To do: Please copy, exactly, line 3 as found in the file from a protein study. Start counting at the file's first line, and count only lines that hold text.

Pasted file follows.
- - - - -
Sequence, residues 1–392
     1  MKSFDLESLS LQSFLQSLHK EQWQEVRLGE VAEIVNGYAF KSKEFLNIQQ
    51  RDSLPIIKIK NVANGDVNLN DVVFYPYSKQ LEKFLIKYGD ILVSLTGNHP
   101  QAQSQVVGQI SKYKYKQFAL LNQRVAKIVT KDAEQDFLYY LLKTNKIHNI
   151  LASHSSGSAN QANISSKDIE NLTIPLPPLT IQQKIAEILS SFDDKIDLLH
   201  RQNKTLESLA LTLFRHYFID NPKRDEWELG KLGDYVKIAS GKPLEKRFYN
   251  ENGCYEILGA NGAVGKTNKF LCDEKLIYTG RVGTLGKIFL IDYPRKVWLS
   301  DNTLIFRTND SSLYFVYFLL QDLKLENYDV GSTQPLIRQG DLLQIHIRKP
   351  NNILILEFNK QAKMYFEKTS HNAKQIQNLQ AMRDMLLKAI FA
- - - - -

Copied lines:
    51  RDSLPIIKIK NVANGDVNLN DVVFYPYSKQ LEKFLIKYGD ILVSLTGNHP